Guest essay by Eric Worrall
According to Reuters, in Guatemala, young girls don’t get raped because they are stalked by filthy perverts, who are shielded by what appears to be a rape enabling culture; Apparently Climate Change is to blame.
Women’s organisations – and funders – are increasingly seeing climate change as a root cause of women’s problems
COPENHAGEN, May 20 (Thomson Reuters Foundation) – Carla Lopez remembers the first time she heard a suggestion that climate change was a factor leading to the rape of young girls.
“I was in Santa Maria Xalapan of Guatemala when a group of women said young girls were being kidnapped and raped because there was a water crisis. It was a revelation,” said the executive director of the Fondo Centroamericano de Mujeres, a women’s fund based in Central America.
In the indigenous Xinca society of Xalapan, men often kidnap and rape young girls before marrying them, Lopez said, and for about a decade, the local women’s group had been campaigning to end this trend.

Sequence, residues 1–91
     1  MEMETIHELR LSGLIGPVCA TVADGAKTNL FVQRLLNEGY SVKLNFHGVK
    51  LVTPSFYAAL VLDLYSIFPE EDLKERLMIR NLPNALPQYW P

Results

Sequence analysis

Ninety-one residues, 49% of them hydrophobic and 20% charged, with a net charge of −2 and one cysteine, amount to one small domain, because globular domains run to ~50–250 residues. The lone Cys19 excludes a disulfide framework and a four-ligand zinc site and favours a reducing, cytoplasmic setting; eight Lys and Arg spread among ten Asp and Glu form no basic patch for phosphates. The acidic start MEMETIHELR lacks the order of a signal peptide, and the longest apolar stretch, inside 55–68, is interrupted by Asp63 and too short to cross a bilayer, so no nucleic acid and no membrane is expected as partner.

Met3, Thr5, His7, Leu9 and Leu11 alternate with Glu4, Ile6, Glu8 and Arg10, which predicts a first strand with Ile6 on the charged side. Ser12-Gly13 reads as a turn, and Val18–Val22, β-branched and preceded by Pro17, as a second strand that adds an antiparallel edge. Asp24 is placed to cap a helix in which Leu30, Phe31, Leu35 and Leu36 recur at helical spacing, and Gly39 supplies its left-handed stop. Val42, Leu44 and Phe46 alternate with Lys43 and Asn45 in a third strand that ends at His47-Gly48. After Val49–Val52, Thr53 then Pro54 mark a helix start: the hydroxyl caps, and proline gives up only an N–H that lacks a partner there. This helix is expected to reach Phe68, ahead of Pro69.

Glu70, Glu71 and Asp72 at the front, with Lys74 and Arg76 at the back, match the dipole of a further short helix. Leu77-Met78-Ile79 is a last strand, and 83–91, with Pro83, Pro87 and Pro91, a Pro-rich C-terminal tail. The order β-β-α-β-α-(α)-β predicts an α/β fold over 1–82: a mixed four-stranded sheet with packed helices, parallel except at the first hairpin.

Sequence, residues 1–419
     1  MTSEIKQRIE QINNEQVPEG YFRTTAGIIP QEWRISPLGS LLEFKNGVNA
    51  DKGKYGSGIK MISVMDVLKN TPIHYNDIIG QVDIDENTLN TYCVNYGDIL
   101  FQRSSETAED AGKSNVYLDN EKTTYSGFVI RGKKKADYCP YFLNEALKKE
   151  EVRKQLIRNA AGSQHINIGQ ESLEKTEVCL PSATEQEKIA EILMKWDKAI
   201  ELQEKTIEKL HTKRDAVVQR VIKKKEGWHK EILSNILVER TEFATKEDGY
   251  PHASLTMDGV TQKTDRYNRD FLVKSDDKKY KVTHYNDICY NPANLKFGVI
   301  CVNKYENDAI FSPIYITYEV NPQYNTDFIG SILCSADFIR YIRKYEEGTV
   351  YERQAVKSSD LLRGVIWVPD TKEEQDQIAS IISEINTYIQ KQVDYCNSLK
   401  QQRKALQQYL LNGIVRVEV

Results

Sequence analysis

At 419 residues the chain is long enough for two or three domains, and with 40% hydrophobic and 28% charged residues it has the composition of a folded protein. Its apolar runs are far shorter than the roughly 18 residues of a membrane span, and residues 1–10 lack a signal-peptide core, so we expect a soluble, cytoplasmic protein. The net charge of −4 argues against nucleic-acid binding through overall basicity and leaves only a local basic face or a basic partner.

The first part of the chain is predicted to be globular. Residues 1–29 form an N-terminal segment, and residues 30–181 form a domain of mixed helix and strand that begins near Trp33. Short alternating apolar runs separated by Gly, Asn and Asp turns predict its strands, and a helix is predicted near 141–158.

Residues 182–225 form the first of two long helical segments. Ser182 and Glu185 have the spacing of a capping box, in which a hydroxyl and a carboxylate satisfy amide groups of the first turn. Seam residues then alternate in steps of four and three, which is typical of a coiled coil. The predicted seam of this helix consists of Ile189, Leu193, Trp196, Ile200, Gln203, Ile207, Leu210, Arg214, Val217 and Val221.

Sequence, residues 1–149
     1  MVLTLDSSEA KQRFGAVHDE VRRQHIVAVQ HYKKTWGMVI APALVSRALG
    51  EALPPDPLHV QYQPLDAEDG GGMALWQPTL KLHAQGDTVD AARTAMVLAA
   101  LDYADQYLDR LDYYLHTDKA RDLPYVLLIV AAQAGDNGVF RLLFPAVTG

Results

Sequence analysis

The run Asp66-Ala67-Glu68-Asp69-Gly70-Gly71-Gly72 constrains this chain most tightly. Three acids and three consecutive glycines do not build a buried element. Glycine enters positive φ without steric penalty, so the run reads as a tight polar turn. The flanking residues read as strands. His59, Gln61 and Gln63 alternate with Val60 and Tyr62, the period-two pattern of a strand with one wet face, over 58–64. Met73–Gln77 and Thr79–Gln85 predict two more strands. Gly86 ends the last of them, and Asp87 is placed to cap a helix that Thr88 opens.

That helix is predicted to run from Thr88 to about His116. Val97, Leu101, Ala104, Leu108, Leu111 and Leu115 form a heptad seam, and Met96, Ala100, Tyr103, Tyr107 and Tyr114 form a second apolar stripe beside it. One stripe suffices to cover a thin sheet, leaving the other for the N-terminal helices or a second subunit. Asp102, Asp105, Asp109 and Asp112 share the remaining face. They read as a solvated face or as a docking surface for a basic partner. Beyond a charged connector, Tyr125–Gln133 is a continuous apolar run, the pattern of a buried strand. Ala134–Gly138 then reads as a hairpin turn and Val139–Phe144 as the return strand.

But in the last two years, groundwater was becoming scarce, because of weather changes and increased mining in the region. As women and girls had to walk further to fetch water, the number of kidnappings and rapes more than doubled over that period, local women said.
Will those poor young women really be helped if Guatemala builds a few extra wind turbines? Or would it be more useful to try to provide more security for young women at risk of being assaulted, to continue and intensify efforts to stamp out what seems to be a perverse normalisation of sexual violence, a twisted acceptance of rape as a form of courtship?